Alex Grant: We have some collaborations and we do things with other international partners, but we haven’t really held up our end as what you might expect of a developed nation in terms of getting things into space. Now that doesn’t necessarily mean launching rockets out of Australia and having astronauts and a big space program, and contribut8ing to the international space station or things like. There are things that are achievable and has been achieved by countries with kind of a similar population and GDP as Australia.
Ian Townsend: Canada, for instance, has a dozen satellites and a space industry that earns billions a year. More than 40 countries have nearly 1,000 working satellites between them.
Australia on the other hand, has four satellites, owned by Optus, but you could argue about who really owns them. Optus is 100 percent owned by SingTel, which in turn is mainly owned by the Singapore government.
Lately, the Australian government has been taking small steps towards building its own satellite.
It’s spent $8.6 million to come up with a National Space Policy this year, and is handing out $40 million in grants for space projects.
But that’s peanuts if it’s trying to establish a local satellite industry.
A former bureaucrat, now running his own satellite imaging company, is John Douglas. He says if we’re heading down that path, we should be buying satellites overseas, off the shelf.
John Douglas: When I go and buy a car, which characteristically is Japanese or German, or something like that, do I want to build that? Do I want to buy all the bits and pieces and make it? Does it have to be made in Australia? Well, we’ve tried that many times. It doesn’t seem we’re very good at that, and certainly not competitive. We don’t make jet fighters either, or rocket ships. The money is not in building satellites, it’s in owning the satellites and the value-adding product line. So you might buy it for $25 million to $50 million or a constellation for a couple of hundred million, and then make billions globally over the life of those satellites, through the value-adding product.
Ian Townsend: Space has become a big global business and it’s revolutionising other industries down at ground level, particularly agriculture.
About two hours drive north of Adelaide in the Clare Valley is Taylor’s Winery. It produces six million bottles of wine a year.
Ian Townsend: It’s harvest time, and that means satellite-guided machines bristling with sensors.
It’s early morning, and the winery’s viticulturalist, Colin Hinze, is showing me the harvest of cabernet sauvignon grapes.
Colin Hinze: The grape harvester works basically by rattling the berries off the bunch. There’s a set of beating rods inside the head of the harvester which run at somewhere between 400 and 500 beats per minute. The harvester’s travelling at somewhere in the order of three to three-and-a-half kilometres an hour. There’s the fans that remove the leaves from the sample, so pretty much all we’re getting through is grapes.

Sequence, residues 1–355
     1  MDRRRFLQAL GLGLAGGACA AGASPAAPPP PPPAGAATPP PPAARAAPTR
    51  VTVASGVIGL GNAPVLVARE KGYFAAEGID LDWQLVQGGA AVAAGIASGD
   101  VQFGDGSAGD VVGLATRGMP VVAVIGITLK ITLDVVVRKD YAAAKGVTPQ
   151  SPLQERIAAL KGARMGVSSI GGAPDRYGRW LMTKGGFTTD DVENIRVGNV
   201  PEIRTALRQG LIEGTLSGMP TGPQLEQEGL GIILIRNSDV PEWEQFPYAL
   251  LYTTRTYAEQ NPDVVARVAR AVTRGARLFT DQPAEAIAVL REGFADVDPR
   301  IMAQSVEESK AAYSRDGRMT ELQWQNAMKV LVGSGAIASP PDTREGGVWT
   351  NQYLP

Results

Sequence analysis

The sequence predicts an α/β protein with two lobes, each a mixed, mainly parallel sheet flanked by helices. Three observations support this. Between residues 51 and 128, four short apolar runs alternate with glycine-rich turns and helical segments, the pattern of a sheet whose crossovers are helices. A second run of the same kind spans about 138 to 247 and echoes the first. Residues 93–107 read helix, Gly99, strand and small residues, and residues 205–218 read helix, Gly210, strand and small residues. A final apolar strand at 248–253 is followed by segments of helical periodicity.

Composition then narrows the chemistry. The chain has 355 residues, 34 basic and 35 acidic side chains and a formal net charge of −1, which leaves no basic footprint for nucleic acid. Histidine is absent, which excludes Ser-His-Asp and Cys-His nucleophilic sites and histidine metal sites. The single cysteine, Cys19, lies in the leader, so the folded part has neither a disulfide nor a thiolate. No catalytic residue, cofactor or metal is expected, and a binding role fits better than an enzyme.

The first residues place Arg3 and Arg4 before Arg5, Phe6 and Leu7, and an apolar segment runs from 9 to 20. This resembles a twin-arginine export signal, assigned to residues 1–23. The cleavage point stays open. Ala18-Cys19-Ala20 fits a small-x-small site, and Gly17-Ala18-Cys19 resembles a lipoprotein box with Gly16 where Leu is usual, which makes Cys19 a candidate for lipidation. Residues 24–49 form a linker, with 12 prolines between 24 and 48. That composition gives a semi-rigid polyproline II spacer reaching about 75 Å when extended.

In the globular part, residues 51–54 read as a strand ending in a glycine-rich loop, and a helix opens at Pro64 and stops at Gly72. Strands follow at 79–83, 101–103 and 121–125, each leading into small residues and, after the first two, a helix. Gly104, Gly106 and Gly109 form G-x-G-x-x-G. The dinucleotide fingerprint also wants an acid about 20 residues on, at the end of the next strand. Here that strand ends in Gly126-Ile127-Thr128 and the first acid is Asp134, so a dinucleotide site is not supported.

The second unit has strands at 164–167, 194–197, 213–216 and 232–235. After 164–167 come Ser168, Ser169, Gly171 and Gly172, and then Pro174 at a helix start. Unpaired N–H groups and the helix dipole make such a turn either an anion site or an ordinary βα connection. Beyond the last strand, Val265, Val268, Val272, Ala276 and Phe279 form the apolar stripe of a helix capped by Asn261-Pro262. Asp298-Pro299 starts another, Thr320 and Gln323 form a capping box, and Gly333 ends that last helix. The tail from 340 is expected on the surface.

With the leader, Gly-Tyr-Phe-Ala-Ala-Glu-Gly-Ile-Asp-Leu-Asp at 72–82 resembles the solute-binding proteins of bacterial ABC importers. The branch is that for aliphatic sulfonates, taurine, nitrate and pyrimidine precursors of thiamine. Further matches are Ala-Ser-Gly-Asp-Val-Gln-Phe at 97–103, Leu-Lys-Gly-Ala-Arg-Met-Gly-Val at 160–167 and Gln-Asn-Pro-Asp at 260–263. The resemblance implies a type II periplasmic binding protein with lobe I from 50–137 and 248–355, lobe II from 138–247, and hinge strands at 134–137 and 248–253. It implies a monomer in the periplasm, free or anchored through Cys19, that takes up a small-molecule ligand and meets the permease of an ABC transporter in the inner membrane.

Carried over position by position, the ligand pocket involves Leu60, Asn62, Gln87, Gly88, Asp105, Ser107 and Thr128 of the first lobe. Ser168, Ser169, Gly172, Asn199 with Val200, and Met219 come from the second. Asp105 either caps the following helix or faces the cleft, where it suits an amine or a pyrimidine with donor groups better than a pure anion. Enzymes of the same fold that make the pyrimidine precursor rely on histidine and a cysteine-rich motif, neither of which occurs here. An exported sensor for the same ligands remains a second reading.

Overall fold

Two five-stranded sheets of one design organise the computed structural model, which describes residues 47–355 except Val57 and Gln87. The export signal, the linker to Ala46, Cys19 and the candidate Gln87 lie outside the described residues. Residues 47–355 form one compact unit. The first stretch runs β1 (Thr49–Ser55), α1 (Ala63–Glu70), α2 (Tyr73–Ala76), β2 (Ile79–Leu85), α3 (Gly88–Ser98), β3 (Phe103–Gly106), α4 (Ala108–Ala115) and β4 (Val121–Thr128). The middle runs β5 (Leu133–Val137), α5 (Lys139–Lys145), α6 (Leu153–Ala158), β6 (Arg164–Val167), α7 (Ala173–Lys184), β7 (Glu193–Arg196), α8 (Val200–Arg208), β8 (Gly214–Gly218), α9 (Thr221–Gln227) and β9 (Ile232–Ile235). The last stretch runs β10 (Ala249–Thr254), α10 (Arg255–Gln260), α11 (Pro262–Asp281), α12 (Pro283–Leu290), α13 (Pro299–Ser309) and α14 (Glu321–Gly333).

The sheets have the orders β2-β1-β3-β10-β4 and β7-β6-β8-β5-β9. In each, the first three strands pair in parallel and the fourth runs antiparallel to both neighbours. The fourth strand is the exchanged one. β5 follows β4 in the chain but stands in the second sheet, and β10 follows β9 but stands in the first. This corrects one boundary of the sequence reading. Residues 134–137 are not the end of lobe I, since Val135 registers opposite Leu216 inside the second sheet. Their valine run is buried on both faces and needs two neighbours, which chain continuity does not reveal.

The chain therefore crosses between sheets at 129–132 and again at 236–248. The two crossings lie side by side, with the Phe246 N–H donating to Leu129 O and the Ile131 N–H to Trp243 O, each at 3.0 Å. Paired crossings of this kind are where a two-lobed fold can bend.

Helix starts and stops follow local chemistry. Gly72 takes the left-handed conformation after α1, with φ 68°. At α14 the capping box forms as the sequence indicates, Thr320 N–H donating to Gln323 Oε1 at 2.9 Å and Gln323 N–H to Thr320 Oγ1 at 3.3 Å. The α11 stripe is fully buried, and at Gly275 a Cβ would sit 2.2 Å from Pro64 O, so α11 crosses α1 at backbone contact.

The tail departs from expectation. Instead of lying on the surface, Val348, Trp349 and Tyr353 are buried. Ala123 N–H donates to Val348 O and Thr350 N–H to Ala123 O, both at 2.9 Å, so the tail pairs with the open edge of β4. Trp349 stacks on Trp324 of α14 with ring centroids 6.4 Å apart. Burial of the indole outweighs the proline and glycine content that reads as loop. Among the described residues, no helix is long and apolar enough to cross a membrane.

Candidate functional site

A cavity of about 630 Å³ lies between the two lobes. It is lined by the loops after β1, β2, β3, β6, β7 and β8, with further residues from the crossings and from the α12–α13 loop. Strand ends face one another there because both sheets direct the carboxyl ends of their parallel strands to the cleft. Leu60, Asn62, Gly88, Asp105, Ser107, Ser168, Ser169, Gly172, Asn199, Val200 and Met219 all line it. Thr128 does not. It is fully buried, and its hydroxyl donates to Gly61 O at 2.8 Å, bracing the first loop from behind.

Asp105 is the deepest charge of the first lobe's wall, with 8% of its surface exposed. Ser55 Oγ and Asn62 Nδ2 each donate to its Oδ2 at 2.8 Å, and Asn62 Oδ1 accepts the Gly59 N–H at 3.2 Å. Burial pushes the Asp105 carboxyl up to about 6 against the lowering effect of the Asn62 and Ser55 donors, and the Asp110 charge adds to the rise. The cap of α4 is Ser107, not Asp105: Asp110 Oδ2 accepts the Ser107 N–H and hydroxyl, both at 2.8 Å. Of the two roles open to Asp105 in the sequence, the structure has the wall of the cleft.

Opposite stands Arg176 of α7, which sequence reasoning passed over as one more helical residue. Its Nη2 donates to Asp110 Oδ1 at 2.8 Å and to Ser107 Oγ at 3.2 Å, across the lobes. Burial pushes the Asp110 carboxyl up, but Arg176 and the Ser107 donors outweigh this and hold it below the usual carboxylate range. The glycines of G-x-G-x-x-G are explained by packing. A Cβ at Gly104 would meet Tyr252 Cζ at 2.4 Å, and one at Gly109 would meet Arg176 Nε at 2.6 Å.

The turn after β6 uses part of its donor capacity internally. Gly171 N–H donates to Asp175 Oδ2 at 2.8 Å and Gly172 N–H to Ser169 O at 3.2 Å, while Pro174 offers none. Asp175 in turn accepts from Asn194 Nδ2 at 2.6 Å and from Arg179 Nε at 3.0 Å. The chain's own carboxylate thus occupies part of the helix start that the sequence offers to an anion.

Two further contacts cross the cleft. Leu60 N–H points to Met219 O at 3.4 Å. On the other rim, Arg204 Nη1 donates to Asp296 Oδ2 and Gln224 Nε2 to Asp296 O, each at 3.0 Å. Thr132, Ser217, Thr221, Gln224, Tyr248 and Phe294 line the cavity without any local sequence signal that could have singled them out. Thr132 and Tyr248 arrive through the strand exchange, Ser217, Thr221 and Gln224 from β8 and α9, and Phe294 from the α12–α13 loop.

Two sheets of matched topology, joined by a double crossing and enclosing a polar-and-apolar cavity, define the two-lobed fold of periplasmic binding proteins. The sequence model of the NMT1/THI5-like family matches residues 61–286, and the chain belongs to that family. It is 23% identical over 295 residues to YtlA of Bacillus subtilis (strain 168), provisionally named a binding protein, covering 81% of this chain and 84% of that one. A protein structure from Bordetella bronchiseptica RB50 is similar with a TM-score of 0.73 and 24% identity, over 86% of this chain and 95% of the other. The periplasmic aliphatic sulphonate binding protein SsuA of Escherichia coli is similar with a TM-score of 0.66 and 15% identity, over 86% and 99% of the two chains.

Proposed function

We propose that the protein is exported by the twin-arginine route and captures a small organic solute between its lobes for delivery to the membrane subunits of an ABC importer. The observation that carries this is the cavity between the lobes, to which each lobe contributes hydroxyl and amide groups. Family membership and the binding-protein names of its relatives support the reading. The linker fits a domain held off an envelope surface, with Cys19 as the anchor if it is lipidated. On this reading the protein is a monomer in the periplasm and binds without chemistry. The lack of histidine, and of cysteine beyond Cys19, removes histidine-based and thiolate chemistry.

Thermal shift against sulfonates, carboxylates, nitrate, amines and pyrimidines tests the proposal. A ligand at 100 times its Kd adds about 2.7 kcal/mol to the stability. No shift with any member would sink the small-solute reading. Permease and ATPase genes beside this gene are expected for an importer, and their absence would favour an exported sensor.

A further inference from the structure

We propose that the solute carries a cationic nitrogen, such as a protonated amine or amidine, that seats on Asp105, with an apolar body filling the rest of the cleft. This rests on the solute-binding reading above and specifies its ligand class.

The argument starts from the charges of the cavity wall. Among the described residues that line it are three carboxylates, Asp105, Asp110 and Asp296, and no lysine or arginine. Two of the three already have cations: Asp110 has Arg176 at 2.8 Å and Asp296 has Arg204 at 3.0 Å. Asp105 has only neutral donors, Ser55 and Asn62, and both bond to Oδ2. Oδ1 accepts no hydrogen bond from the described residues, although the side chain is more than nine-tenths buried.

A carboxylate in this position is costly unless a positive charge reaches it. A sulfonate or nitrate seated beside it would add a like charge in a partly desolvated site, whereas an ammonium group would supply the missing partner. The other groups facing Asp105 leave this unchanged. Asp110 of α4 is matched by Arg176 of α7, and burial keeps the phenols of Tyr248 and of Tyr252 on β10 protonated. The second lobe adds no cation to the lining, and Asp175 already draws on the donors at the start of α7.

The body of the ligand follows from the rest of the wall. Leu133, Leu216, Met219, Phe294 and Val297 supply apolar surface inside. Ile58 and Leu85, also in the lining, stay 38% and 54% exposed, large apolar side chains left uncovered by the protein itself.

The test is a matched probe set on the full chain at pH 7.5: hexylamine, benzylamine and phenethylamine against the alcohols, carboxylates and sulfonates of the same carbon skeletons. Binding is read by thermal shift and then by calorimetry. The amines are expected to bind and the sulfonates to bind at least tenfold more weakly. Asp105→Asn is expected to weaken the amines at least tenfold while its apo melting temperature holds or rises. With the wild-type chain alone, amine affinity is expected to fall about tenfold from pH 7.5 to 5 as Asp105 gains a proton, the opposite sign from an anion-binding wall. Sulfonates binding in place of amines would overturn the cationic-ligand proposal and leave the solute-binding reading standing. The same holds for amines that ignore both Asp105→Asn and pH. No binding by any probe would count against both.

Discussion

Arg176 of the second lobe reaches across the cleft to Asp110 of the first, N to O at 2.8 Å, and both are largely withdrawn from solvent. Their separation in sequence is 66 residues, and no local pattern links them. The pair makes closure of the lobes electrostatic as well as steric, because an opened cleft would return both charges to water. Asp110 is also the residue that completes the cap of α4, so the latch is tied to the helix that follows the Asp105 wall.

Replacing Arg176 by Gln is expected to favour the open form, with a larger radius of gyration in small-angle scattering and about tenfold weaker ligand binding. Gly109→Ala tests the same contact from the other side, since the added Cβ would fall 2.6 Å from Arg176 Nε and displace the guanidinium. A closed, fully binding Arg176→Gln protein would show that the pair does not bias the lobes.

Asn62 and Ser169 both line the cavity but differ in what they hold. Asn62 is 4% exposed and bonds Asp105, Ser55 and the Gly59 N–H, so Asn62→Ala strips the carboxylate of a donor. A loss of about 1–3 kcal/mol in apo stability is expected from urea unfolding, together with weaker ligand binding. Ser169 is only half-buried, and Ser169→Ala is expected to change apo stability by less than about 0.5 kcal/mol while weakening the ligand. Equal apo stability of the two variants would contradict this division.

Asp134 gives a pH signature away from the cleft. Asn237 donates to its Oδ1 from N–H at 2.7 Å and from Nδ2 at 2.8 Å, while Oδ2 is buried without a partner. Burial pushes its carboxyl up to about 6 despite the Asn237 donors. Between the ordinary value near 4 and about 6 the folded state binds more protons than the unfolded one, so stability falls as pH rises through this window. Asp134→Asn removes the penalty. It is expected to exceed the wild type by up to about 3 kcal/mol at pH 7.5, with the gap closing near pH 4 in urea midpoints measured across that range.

Ian Townsend: At this time of the year, the harvesters are working around the clock. Aerial images have shown Colin Hinze where the grapes are ripe. Guided by satellites, the harvesters move in.
Colin Hinze: What we’re looking at is the conveyor belt and halfway along the discharge conveyor, there’s effectively a set of scales under there. It’s a metal frame. The tray of the conveyor’s been cut out; we’ve put a metal frame in there instead. There’s four load cells which measure the weight of the grapes as they go across the belt. On the end of the belt’s a belt speed sensor, so it’s measuring the speed of the belt. Speed and mass gives you the flow.
Ian Townsend: Where does that information go?
Colin Hinze: Right on top of the cabin we’ve got the GPS receiver, and both of those signals go into the cabin where the driver is, and it’s just a simple logger. It shows him the accumulated tonnes as he’s picking it, so he’s got an idea of how much grapes he’s put in the bin each time, and how much fruit’s being delivered to the winery. It’s logging the position and the yield as it’s being harvested.
Ian Townsend: That’s a lot of information to digest. And it’s not really clear what good it all is until you get back to the office.
A massive database is being built that can show, for instance, which vines on which soils in the vineyard produce the best grapes. Aerial images taken before the harvest show the vineyard in a matrix of reds, oranges, blues and greens, showing areas where the grapes are ripe, or where more water or fertiliser’s needed.
Colin Hinze: The image that we’re looking at is actually showing us just the vineyard rows, and in this particular case it makes it complicated, because half-way along the row it appears to be lower in vigour and then it changes to be higher in vigour. So what we might see is that the crop load is less where there’s the lower vigour. Those grapes will typically ripen earlier. The berries will be smaller and they may well have a different flavour composition in the grapes as well. So one problem is they might ripen early, the second problem is they might taste different and actually be targeted to a different wine style.
Ian Townsend: All this information is helping winemakers find the best place for a new vineyard. Imagine being able to draw up a wish-list of soil qualities and climate, match it to a grape variety, and then let satellites and a computer program find the best spot for that really good wine.